Not convinced that the Panthers won’t take a Tackle in the first round yet? I wasn’t either until I had this revelation: The NFL is a league of copycats and one that seldom takes risks. The first question GMs ask scouts about a prospect is “Who does this player remind you of?.” They also prioritize prospects by not necessarily what they do on the field, but by their measurables. For example, a QB needs to be 6’2 or taller, an Offensive Or Defensive Lineman has to weigh 300 lbs., a CB needs to be 6’0 to be one of the new-age Corners and so on. Anyone that doesn’t meet these measurables tend to be drafted in later rounds.
Conversely, run a 4.35 40 yard-dash, and you go from a projected fourth-rounder to a second-rounder or better (see Phillip Dorsett). Run a 4.9 as a LB and the previously thought of best LB looks to fall into the third round or later (see Paul Dawson). So if you want to be a sure-fire first round selection, you first need to fit the measurables of what a first-rounder looks like and then you must show you can play football. Yes, there are exceptions, but anytime you don’t fit the measurables, you have to make up for it somewhere. If you are two inches too short at WR, you’d better be extra quick and extra fast. If you are a 5’9 CB, you’d better run a 4.3 40 and have a 39-inch vertical-leap, etc. Some say the NFL stands for the Not Fair League.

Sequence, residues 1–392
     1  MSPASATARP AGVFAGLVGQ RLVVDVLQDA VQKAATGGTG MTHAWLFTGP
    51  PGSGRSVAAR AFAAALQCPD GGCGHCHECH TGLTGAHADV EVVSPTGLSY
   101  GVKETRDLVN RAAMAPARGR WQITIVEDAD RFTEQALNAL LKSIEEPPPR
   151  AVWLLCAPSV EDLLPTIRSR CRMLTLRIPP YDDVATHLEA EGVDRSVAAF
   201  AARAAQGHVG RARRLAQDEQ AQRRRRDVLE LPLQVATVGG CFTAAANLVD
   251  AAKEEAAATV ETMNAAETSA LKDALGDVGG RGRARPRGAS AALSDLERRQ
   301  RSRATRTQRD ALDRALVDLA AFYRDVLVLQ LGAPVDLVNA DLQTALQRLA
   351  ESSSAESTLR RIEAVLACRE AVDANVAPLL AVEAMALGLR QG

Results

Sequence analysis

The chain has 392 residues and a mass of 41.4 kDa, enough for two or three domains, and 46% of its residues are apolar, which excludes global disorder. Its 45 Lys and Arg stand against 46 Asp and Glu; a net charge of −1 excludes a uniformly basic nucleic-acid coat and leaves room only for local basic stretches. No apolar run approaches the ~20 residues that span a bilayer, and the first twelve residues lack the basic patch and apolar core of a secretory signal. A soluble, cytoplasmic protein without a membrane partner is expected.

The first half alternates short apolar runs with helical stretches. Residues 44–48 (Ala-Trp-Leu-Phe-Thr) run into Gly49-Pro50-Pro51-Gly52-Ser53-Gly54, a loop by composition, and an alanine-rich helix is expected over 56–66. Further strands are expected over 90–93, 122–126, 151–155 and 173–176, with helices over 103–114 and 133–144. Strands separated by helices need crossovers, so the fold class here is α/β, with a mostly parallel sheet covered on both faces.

How Does this Relate to the Draft